.COM.COM Used For Malicious Typo Squatting

Published: 2015-08-10
Last Updated: 2015-08-10 18:47:01 UTC
by Johannes Ullrich (Version: 1)
4 comment(s)

Today, our reader Jeff noted how domains ending in ".com.com" are being redirected to what looks like malicious content. Back in 2013, A blog by Whitehat Security pointed out that the famous "com.com" domain name was sold by CNET to known typo squatter dsparking.com [1]. Apparently, dsparking.com paid $1.5 million for this particular domain.  Currently, the whois information uses privacy protect, and DNS for the domain is hosted by Amazon's cloud.

All .com.com hostnames appear to resolve to, also hosted by Amazon (amazon.com.com is also directed to the same IP, but right now results in more of a "Parked" page, not the fake anti-malware as other domains)

The content you receive varies. For example, on my first hit from my Mac to facebook.com.com , I received the following page:

And of course the fake scan it runs claims that I have a virus :)

As a "solution", I was offered the well known scam-app "Mackeeper"

Probably best to block DNS lookups for any .com.com domains. The IP address is likely going to change soon, but I don't think there is any valid content at any ".com.com" host name. 

The Whitehat article does speak to the danger of e-mail going to these systems. A MX record is configured, but the mail server didn't accept any connections from me (maybe it is overloaded?).

Amazon EC2 abuse was notified.

[1] https://blog.whitehatsec.com/why-com-com-should-scare-you/

Johannes B. Ullrich, Ph.D.

4 comment(s)


One way to mitigate this problem on a per-user basis might be to disable the "helpful" feature most browsers have built-in of automatically adding .com to any domain name entered by the user which doesn't resolve as typed. I don't know if any of the Big Four are clever enough to recognize an existing .com TLD (this is one of the first misfeatures I turn off in a new browser install), but if they aren't, they would become part of the problem here.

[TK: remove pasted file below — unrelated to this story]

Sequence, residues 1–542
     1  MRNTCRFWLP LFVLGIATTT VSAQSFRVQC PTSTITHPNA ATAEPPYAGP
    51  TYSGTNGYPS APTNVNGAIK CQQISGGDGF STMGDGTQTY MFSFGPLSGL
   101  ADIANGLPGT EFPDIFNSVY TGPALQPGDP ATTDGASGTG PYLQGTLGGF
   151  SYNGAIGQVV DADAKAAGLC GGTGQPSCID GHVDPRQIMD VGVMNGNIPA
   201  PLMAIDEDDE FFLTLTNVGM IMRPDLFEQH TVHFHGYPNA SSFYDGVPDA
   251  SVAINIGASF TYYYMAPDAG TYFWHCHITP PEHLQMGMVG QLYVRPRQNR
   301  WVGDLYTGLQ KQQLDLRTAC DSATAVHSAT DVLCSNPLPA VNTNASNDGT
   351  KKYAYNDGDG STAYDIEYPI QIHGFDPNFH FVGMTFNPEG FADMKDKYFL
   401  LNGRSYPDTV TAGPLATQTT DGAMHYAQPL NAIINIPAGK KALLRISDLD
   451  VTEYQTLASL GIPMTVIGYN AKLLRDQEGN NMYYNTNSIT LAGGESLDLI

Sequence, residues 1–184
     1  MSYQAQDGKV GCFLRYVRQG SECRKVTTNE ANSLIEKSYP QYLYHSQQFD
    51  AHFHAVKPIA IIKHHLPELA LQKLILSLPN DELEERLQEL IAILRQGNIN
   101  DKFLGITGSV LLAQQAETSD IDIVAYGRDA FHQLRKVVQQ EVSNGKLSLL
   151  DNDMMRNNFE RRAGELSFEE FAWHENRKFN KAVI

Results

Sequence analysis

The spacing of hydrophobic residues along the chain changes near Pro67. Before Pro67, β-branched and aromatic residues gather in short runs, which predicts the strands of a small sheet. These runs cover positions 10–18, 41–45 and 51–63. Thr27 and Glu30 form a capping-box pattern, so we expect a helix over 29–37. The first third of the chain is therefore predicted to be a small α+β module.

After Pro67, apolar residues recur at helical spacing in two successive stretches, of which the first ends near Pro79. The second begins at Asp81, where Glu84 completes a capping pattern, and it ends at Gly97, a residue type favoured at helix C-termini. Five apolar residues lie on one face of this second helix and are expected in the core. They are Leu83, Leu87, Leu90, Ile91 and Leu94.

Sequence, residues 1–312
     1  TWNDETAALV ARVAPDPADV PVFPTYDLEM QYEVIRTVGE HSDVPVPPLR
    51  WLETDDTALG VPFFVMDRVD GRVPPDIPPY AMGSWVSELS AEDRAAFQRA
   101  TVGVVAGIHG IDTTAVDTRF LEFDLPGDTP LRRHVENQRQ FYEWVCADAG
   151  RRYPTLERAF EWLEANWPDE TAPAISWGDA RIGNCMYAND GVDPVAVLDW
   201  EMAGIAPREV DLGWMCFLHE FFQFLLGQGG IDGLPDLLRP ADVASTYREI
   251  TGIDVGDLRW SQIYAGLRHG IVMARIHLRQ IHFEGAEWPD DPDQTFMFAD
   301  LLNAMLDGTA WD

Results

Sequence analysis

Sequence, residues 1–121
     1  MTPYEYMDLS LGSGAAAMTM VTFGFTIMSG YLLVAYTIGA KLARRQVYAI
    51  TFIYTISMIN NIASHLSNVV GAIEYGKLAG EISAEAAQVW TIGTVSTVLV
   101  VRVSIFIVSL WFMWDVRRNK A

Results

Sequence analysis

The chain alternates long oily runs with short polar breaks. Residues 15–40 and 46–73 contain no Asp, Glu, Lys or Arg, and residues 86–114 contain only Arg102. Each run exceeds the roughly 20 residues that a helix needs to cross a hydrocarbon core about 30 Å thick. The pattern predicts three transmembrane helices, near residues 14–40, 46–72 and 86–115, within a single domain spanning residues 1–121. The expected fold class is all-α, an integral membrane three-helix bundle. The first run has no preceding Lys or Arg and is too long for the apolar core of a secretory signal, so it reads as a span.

I understand why the browser makers do this, but it's about as good an idea as Site Finder was. (Remember Site Finder, back in 2003? It's how Network Solutions got themselves on my permanent shit-list.)

A second way, though useful only for someone running their own DNS server or cacheing resolver, would be to declare that it's authoritative for com.com, and respond to any such internally-originating queries either with localhost or some convenient dead-end system -- or even a monitored honeypot, if you have one handy.
Does anyone know how to disable this feature in Internet Explorer 10 and 11?
I too would be interested in an answer to anon's question, as well as how to control this behavior in Chrome, Safari, Opera, and (if possible, which I doubt) the mobile browsers.

I should note that this setting is deliberately hidden in Firefox, so you need to use about:config to change it. Look for the string "fixup", and change the boolean setting that enables this behavior to "false".
IIRC, Internet Explorer and Chrome (at least) no longer use the autocomplete method to try and expand the server name of a URL.

For IE, the option has been obsolete since IE7 ( https://msdn.microsoft.com/en-us/library/ms536345(v=vs.85).aspx ).

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